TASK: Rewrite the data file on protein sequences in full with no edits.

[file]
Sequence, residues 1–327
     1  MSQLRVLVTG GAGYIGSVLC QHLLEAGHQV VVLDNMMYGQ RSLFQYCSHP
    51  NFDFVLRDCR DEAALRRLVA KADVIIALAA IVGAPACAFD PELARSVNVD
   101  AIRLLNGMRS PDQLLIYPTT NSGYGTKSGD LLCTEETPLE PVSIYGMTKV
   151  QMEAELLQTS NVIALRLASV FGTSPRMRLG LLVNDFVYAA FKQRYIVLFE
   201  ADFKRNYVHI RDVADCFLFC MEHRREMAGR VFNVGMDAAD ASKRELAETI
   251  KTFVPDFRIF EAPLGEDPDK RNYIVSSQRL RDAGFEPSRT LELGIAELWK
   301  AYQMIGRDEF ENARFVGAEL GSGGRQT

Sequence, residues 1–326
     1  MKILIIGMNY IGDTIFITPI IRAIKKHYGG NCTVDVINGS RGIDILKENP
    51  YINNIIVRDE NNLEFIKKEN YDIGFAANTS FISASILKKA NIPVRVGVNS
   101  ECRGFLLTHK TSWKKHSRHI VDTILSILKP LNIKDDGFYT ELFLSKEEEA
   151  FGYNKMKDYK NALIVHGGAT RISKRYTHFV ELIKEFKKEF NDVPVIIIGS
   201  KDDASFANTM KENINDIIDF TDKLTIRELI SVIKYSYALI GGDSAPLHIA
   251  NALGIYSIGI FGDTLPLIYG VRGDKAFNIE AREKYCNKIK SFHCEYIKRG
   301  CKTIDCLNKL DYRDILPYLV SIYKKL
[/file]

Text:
Sequence, residues 1–327
     1  MSQLRVLVTG GAGYIGSVLC QHLLEAGHQV VVLDNMMYGQ RSLFQYCSHP
    51  NFDFVLRDCR DEAALRRLVA KADVIIALAA IVGAPACAFD PELARSVNVD
   101  AIRLLNGMRS PDQLLIYPTT NSGYGTKSGD LLCTEETPLE PVSIYGMTKV
   151  QMEAELLQTS NVIALRLASV FGTSPRMRLG LLVNDFVYAA FKQRYIVLFE
   201  ADFKRNYVHI RDVADCFLFC MEHRREMAGR VFNVGMDAAD ASKRELAETI
   251  KTFVPDFRIF EAPLGEDPDK RNYIVSSQRL RDAGFEPSRT LELGIAELWK
   301  AYQMIGRDEF ENARFVGAEL GSGGRQT

Sequence, residues 1–326
     1  MKILIIGMNY IGDTIFITPI IRAIKKHYGG NCTVDVINGS RGIDILKENP
    51  YINNIIVRDE NNLEFIKKEN YDIGFAANTS FISASILKKA NIPVRVGVNS
   101  ECRGFLLTHK TSWKKHSRHI VDTILSILKP LNIKDDGFYT ELFLSKEEEA
   151  FGYNKMKDYK NALIVHGGAT RISKRYTHFV ELIKEFKKEF NDVPVIIIGS
   201  KDDASFANTM KENINDIIDF TDKLTIRELI SVIKYSYALI GGDSAPLHIA
   251  NALGIYSIGI FGDTLPLIYG VRGDKAFNIE AREKYCNKIK SFHCEYIKRG
   301  CKTIDCLNKL DYRDILPYLV SIYKKL